Wow - a very similar story indeed! Badminton definitely has a lot to answer for. Having served my 12 weeks of driving I can sympathise. I can tell you that it does get better - I’ve been back behind the wheel for 4 weeks now and the break hasn’t done me too much harm, if anything I’m enjoying driving even more than before. We went down the internet shopping route as well and found that it saved so much money (and time!) we’ve continued with it.

    I found two things that heped with the sore hands from the crutches - padded cycling gloves and some handle pads from oarsome potential. The combination of the 2 allowed me to cover a mile on the crutches despite being a similar size and weight to you.

  7. Andrew1971 on June 21st, 2012

    @ Hillsie - I hope you are right and that after this follow-up ultrasound then I perhaps won’t need one again until I am well on the road to reocvery.

    You are right in Redditch we do have our own ortho center, it’s just that the scan specialist and ankle specialist I need to see are not at the hospital on the same day….. so once the need for a scan (hopefully last one next week) all should run like clockwork.

    Just unfortunate that it’s cost me an extra week in a cast in equinus.

  8. pauls on July 26th, 2012

    Andrew you are 10 days ahead of me and I would love to keep in touch since you went down the NON surgical route and I unfortunately have just to see how we are both doing at similar levels. Inow live in the USA been here 5 years now but from Bollington, near Macclesfield. All the best on your recovery.

  9. andrew1971 on July 26th, 2012

    Hi Pauls - I am 59days/8.5wks into recovery, you’ve already commented on my most recent blog entry :)

    The great thing about these blogs is that they are a snapshot of time - so you can compare where people were to where you are at any time… bit like TiVo….it’s helped me through some tough times already :)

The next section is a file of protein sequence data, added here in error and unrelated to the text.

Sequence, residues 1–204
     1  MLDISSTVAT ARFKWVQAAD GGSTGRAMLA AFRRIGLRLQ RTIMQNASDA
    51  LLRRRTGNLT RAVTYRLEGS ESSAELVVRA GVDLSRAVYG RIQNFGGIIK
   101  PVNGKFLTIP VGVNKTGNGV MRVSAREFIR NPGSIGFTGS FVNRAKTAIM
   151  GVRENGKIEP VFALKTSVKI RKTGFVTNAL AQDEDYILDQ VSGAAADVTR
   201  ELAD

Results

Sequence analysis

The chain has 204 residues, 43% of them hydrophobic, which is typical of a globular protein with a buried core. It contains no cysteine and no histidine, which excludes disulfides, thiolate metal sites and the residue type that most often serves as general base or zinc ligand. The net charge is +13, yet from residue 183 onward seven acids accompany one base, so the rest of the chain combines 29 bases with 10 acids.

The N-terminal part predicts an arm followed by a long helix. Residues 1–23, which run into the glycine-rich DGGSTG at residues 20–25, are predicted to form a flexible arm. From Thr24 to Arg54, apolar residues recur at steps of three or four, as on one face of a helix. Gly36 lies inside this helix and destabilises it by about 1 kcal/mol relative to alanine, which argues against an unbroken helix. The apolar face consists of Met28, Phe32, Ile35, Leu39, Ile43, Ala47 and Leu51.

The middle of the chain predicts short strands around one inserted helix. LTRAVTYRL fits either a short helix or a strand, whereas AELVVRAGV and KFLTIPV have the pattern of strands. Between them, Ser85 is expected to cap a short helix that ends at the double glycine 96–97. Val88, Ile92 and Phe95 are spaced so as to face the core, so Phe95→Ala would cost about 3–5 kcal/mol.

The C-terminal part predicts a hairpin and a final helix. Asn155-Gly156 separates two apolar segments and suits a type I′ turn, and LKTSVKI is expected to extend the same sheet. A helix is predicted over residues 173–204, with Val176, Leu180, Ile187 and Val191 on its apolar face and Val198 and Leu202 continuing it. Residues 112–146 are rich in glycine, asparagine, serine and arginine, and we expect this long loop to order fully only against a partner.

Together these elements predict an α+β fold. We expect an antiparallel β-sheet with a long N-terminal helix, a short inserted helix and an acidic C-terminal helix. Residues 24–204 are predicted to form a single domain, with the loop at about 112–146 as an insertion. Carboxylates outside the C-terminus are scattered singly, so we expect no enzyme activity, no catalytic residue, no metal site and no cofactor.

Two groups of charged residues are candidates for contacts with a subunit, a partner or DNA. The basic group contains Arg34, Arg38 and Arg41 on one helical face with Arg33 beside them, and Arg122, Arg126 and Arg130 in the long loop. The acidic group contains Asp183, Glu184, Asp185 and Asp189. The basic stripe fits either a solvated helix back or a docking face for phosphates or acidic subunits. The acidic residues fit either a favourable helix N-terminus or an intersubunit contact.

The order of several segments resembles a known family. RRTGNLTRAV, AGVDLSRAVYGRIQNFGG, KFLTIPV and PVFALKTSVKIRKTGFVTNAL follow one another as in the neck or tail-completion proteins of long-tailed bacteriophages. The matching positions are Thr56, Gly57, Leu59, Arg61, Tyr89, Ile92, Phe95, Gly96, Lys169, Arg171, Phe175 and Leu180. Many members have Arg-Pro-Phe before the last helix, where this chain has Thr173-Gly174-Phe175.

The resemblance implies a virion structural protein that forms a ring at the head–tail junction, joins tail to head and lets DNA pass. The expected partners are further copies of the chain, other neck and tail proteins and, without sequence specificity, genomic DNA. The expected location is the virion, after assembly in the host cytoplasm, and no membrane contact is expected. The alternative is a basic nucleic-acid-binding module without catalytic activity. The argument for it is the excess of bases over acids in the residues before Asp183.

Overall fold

10. Ken on May 1st, 2016

    Hi andrew,

    I recently also had the honor of rupturing my achilles tendon. This website and everyone’s stories/experiences has been extremely helpful and inspiring. I have decided to pursue recovery through the non surgical method as well. However, one question I have is during the first two weeks of recovery there’s mention of having the foot in plantar flexion. Does that mean to have it in full equinus position (i.e. fully pointed downwards) or just somewhat plantar flexion? Does it matter? I am about a week in, and currently in 20 degree plantar flexion. I’m worried that this is not “plantar flexed” enough, not allowing the tendons to connect and recover.

    Would appreciate any feedback or advice.


  11. Stuart on May 1st, 2016

    Ken - It seems you are a bit anxious as you have posted your question in several places. If you are non-op then the angle depends on the gap in your tendon. Generally 20 degrees is more than adequate to allow the tendon to approximate. This should have been checked by your doctor and it really is a question you should be asking there. I do understand your concerns as it matters for a long term good recovery with strength. If your tendon ends do not approximate at this angle then they usually fix you surgically. If you were surgically repaired then there is no issue at all with the angle and some doctors even set tension on the tendon from the start. You will most likely be at this angle for around 3 or 4 weeks which is the time needed for the initial repair with Collagen type III.

  12. Ken on May 1st, 2016

    Hi Stuart,

    Thanks for the feedback. I am actually pursuing recovery through the non surgical route. As you can imagine, it is a little unsettling sitting around and not actively doing anything to heal the tendon, your mind starts to wander… As I am quite active, I am a bit anxious that my healing won’t be perfect/complete.